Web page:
A Nation of a Hundred Million Idiots?: A Social History of Japanese Television, 1953 - 1973

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Routledge, Dec 6, 2006 - History - 304 pages
This book offers a history of Japanese television audiences and the popular media culture that television helped to spawn. In a comparatively short period, the television industry helped to reconstruct not only postwar Japanese popular culture, but also the Japanese social and political landscape. During the early years of television, Japanese of all backgrounds, from politicians to mothers, debated the effects on society. The public discourse surrounding the growth of television revealed its role in forming the identity of postwar Japan during the era of high-speed growth (1955-1973) that saw Japan transformed into an economic power and one of the world's top exporters of television programming.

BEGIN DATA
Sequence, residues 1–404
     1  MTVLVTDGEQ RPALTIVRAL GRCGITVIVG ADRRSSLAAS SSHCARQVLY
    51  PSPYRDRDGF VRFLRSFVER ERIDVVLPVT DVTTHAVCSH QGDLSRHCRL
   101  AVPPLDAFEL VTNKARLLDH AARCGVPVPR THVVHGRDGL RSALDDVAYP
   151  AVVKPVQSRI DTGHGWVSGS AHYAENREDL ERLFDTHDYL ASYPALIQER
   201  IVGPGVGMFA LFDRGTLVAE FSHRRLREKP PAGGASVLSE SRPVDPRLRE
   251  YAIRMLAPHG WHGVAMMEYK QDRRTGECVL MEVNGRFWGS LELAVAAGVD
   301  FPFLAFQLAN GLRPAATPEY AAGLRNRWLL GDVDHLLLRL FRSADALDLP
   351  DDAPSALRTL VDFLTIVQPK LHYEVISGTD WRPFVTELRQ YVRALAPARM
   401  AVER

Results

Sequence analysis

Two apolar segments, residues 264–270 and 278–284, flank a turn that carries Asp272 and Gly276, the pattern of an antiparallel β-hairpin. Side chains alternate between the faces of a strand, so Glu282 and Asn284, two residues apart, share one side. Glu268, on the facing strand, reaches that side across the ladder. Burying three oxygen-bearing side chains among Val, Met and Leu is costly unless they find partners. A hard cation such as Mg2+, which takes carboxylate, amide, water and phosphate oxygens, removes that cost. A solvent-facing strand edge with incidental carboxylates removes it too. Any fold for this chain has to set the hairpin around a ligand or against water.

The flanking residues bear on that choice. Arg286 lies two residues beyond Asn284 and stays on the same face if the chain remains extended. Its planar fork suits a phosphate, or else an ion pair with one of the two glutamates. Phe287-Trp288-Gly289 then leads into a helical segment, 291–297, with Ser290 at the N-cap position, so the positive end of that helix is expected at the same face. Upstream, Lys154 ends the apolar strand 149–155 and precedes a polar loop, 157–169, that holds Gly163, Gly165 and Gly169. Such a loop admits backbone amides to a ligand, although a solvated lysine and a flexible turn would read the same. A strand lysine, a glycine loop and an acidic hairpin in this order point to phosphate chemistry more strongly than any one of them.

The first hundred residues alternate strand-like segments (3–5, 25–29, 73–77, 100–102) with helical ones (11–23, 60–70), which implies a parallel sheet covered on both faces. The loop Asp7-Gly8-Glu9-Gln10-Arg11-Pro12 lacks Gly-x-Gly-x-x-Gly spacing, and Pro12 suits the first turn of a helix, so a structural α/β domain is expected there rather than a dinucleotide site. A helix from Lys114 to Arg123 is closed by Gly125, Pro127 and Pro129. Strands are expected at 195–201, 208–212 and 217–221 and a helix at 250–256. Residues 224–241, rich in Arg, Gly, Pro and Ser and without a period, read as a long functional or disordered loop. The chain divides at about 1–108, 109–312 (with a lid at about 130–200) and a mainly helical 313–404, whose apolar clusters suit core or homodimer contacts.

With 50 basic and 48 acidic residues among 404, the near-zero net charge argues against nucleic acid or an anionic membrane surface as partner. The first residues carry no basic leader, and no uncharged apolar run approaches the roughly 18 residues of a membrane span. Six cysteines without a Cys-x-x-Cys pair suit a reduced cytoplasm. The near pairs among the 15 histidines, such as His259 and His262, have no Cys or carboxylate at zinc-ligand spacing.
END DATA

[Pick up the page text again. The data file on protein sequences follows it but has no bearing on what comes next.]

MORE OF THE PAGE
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Contents

The History of Japanese Television Culture
15
Japanese Interactions with Television
119
The Meaning of the Japanese Television Nation
289
Notes
309

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About the author (2006)

Jayson Makoto Chun, raised in Honolulu, Hawaii, is an assistant professor of history at the University of Hawai'i - West O'ahu.

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